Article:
Bone marrow cells from mCG-PR+/− × Rara+/− and littermate mCG-PR+/− × Rara+/+ mice were transplanted at a ratio of 1 to 9 into age- and sex-matched CD45.1 recipients (Figure 3A). We observed a small, consistent competitive advantage in mCG-PR+/− × Rara+/+ bone marrow cells (Figure 3B). During 6 months of observation, CD45.2+ donor cells expanded from 10% of the peripheral blood to ∼ 15%. Rara haploinsufficiency cooperated with PML-RARA to enhance this phenotype, expanding CD45.2+ peripheral blood cells from 10% to ∼25% during 6 months of observation (Figure 3B). This phenotype was not observed in Rara+/− bone marrow cells (data not shown). During these 6 months of observation, recipient mice maintained normal peripheral blood counts. At 6 months, the percentage of CD45.2+ cells was assessed in both myeloid (Gr1+) and lymphoid (CD3+, CD19+) compartments. Surprisingly, the marked expansion of CD45.2+ cells observed from mCG-PR+/− × Rara+/− donor cells was detected in both the myeloid and lymphoid compartments, suggesting that mCG-PR+/− may act at a multipotent progenitor stage (Figure 3C).

Figure 3

Competitive repopulation. (A) Experimental schema. (B) Bone marrow cells from the indicated mice at 8 weeks of age were mixed at a ratio of 1 to 9 with competitor CD45.1 bone marrow cells from sex- and age-matched mice. These cells were transplanted into sex-matched, 6-week-old, lethally irradiated CD45.1 recipients. At the indicated time points, peripheral blood was assessed for ratios of CD45.2+ and CD45.1+ WBCs. (C) At 6 months of age, peripheral blood from mCG-PR+/− × Rara+/− recipients was assessed for ratios of CD45.2+ vs CD45.1+ cells in Gr1+, CD19+, and CD3+ compartments.

Rara haploinsufficiency does not alter the phenotype of mCG-PR–associated leukemia

We established a tumor watch consisting of 29 mCG-PR+/− × Rara+/−, 20 mCG-PR+/− × Rara+/+, 21 mCG-PR−/− × Rara+/−, and 23 mCG-PR−/− × Rara+/+ littermate control mice. After 18 months of observation, we observed a leukemia penetrance of 88% and 84% in mCG-PR+/− × Rara+/− and mCG-PR+/− × Rara+/+ mice, respectively (Figure 4A). Median survival times of the 2 cohorts were 335 and 290 days, respectively, which were not statistically different.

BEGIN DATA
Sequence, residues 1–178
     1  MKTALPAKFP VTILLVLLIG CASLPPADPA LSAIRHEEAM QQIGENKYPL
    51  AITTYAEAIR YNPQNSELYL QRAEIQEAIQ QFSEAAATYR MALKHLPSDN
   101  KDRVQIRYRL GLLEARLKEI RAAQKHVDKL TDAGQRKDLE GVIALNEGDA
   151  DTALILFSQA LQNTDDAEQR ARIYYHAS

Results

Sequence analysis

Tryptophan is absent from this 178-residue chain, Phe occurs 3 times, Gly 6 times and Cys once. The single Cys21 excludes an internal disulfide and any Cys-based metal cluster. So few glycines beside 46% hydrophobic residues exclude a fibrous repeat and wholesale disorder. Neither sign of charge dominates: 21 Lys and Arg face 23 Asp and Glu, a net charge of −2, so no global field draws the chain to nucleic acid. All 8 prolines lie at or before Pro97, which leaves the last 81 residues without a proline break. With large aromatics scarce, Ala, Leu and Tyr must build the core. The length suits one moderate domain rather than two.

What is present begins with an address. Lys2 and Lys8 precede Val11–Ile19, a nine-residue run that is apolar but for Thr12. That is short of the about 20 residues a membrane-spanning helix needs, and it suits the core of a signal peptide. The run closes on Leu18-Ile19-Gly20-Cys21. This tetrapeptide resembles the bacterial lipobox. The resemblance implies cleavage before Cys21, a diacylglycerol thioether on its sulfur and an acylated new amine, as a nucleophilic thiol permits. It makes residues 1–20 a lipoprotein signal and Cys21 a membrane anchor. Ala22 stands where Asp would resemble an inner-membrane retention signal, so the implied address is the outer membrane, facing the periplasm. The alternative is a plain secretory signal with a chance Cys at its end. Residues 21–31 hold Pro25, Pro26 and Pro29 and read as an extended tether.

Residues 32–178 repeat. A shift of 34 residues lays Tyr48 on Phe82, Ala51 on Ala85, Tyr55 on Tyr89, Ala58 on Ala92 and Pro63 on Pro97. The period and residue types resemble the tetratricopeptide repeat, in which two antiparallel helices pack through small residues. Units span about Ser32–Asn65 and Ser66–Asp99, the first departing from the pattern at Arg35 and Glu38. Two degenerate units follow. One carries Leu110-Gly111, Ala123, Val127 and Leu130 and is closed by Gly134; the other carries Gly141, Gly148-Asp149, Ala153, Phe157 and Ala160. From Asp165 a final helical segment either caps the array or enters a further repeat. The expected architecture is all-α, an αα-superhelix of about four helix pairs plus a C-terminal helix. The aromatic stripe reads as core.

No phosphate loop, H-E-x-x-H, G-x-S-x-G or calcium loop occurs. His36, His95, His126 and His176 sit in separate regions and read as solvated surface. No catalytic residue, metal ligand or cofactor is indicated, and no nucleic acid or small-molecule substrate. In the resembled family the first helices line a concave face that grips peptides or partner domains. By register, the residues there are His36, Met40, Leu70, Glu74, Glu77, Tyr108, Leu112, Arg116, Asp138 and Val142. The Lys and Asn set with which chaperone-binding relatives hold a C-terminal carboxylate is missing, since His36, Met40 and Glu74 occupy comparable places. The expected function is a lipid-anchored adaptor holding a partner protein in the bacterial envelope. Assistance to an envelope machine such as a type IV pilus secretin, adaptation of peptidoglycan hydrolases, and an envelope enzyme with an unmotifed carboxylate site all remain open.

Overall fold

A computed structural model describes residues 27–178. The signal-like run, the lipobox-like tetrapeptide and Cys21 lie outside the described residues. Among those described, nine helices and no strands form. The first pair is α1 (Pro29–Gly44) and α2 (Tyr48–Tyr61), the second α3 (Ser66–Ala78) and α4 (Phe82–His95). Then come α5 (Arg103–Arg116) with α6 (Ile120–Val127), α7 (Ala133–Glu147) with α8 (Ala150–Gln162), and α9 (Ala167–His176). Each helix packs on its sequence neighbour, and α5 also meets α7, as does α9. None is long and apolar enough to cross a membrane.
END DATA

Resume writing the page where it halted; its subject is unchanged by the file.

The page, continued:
Figure 4

Tumor watch. (A) The indicated cohorts of littermate-matched mice were prospectively established in a tumor watch. Mice were followed for 18 months and moribund animals were killed. Leukemia occurred in mCG-PR+/− mice, but not in littermate controls. There was no significant difference in latency or penetrance in mCG-PR+/− × Rara+/− vs mCG-PR+/− × Rara+/+ mice. (B) Maximum diameter of largest cervical lymph node at the time of killing. (C) Spleen size in the indicated mice at the time of killing or at 18 months of age, whichever came first. (D) Peripheral WBC counts at the time of killing or at 18 months of age. (E) Mice shown in Figure 3 were followed, and moribund mice were killed. There was no significant difference in survival by genotype of transplanted bone marrow cells.

Although Rara haploinsufficiency did not alter the latency or penetrance of mCG-PR–associated leukemia, it did subtly shape the leukemic tissue distribution. Leukemic mCG-PR+/− × Rara+/− mice generally presented with enlarged and matted cervical lymph nodes and occasionally with abdominal lymphadenopathy (Figure 4B and data not shown). Flow cytometry of lymph node cells revealed an infiltration of Gr1+/cKit+/CD11b+ granulocytes (a similar immunophenotype to the splenic leukemia in all animals; supplemental Figures 1 and 2, available on the Blood Web site; see the Supplemental Materials link at the top of the online article). Enlarged cervical lymph nodes were occasionally observed in mCG-PR+/− × Rara+/+ leukemic mice, but these were consistently smaller than those arising in mCG-PR+/− × Rara+/− littermates, and only once presented with multiple, matted lymph nodes. Fourteen of 15 evaluable mCG-PR+/− × Rara+/− mice had at least one cervical lymph node > 5 mm in size versus 5 of 12 evaluable mCG-PR+/− × Rara+/+ mice; the average maximum diameter of the largest lymph node was 9.7 mm in mCG-PR+/− × Rara+/− mice versus 4.5 mm in mCG-PR+/− × Rara+/+ mice (P = .0001). Leukemia arising in mCG-PR+/− × Rara+/− mice also presented with lower peripheral blood WBC counts (16 000/μL vs 56 000/μL, P = .045) and a nonsignificant trend toward larger spleen sizes (average 1238 mg vs 1000 mg, P = .15; Figure 3B-D).